It's like listening to an entry level version of Japan's thrash-pop brain-melters Maximum The Hormone - only in Finnish and with a distinctly Northern European edge. And you just know that it's going to look immense live! Obviously unless something really strange happens in the next two nights this is the one that we really, REALLY want to see in Liverpool. We've no idea if he's even got a half of a half chance up against Robin P, but the people of Finland have been known to chuck in the odd rogue bullet, so please - pretty please - make this happen!

Monday 16 January 2023

Estonia 2023 - Meelik - Tuju


The Estonian Eurovision selection competition, Eesti Laul, is usually a delight, laden with low key floaty pop marvels and the occasional slab of unhinged strangeness. Sadly this year's competitors are a little more usual, but this bouncy little indie pop shuffle is the one that's stayed with us over the weekend.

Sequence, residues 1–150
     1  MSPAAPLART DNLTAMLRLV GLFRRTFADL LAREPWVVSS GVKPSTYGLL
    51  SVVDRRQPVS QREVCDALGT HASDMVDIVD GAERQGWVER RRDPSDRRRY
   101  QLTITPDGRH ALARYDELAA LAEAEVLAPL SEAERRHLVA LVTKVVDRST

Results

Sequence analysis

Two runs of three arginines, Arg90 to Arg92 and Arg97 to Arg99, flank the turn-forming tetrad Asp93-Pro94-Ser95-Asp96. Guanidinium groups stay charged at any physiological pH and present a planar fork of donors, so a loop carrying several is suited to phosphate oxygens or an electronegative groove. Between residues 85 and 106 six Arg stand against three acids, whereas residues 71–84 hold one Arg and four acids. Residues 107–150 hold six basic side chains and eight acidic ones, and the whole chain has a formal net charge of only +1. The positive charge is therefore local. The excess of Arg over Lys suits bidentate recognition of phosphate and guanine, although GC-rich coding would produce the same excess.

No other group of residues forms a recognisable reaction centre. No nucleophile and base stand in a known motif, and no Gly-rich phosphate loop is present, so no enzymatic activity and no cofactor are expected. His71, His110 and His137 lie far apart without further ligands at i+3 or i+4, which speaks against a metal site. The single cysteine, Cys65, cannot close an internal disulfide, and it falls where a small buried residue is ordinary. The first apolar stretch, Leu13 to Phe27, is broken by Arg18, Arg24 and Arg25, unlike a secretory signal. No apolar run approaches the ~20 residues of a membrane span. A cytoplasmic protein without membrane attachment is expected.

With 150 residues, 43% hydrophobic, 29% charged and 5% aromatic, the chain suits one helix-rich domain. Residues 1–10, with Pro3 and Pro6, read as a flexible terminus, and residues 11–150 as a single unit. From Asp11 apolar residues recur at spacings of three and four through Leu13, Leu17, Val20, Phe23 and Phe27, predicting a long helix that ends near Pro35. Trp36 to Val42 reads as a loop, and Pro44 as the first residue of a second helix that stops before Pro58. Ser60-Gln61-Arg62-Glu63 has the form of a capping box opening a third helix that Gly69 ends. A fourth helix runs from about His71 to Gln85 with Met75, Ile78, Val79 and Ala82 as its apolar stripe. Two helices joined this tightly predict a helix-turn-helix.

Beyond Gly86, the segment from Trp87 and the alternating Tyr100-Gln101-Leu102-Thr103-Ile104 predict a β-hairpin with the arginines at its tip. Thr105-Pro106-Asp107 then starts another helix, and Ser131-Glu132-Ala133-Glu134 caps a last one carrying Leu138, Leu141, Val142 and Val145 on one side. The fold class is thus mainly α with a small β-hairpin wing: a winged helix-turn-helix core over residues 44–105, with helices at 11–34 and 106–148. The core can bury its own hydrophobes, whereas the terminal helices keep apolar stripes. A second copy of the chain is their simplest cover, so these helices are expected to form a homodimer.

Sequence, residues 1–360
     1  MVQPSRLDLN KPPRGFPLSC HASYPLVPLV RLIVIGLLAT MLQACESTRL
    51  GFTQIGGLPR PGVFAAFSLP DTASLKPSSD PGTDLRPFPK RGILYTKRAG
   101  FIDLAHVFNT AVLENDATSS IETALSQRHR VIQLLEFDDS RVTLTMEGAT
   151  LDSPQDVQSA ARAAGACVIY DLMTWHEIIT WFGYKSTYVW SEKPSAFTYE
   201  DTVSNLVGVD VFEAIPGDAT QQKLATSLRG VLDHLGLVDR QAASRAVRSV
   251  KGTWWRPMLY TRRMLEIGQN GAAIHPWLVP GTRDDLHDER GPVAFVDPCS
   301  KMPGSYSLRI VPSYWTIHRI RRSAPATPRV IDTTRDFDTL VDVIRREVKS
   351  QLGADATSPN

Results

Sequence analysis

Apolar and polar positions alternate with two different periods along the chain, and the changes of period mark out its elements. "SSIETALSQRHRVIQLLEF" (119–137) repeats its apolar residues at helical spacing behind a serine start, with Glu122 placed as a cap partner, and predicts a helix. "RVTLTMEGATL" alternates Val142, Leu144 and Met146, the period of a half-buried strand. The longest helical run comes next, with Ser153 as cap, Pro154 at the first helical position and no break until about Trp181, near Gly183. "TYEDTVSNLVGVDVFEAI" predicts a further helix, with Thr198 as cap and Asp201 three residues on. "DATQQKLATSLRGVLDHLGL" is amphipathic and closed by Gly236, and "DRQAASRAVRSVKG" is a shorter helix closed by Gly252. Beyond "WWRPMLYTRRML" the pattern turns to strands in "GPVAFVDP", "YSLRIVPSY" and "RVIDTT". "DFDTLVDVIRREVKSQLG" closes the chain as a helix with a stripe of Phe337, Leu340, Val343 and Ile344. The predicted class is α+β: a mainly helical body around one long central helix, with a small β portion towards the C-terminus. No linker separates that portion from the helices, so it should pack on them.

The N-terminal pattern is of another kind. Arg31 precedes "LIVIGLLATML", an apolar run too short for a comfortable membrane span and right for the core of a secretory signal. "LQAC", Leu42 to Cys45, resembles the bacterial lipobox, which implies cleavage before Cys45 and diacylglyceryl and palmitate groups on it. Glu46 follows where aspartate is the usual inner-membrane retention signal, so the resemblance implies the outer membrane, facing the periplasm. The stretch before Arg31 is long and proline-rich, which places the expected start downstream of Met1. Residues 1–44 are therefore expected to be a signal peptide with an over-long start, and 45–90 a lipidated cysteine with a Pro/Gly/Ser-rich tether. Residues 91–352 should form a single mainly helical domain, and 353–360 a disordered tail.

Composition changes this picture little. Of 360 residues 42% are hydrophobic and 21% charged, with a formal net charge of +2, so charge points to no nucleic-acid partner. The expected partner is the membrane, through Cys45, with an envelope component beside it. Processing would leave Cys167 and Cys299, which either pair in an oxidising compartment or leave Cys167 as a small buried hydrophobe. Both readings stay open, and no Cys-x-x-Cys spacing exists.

If it doesn't grab you immediately, please do stick with it though, as its awkward deadpan beginnings build and build through ever more wonky camera, and the band gradually thaw out from their stiff and almost creepy beginnings.

Thankfully it managed to claw its way into February's final, and will be a smashing counterpoint to all that over serious pop and contrived sub-rock that it's buttressed up against. It won't be coming anywhere near the top half, we fear, but we're so very glad that it's there.

Friday 13 January 2023

Croatia 2023 - Krešo i Kisele Kiše - Kme Kme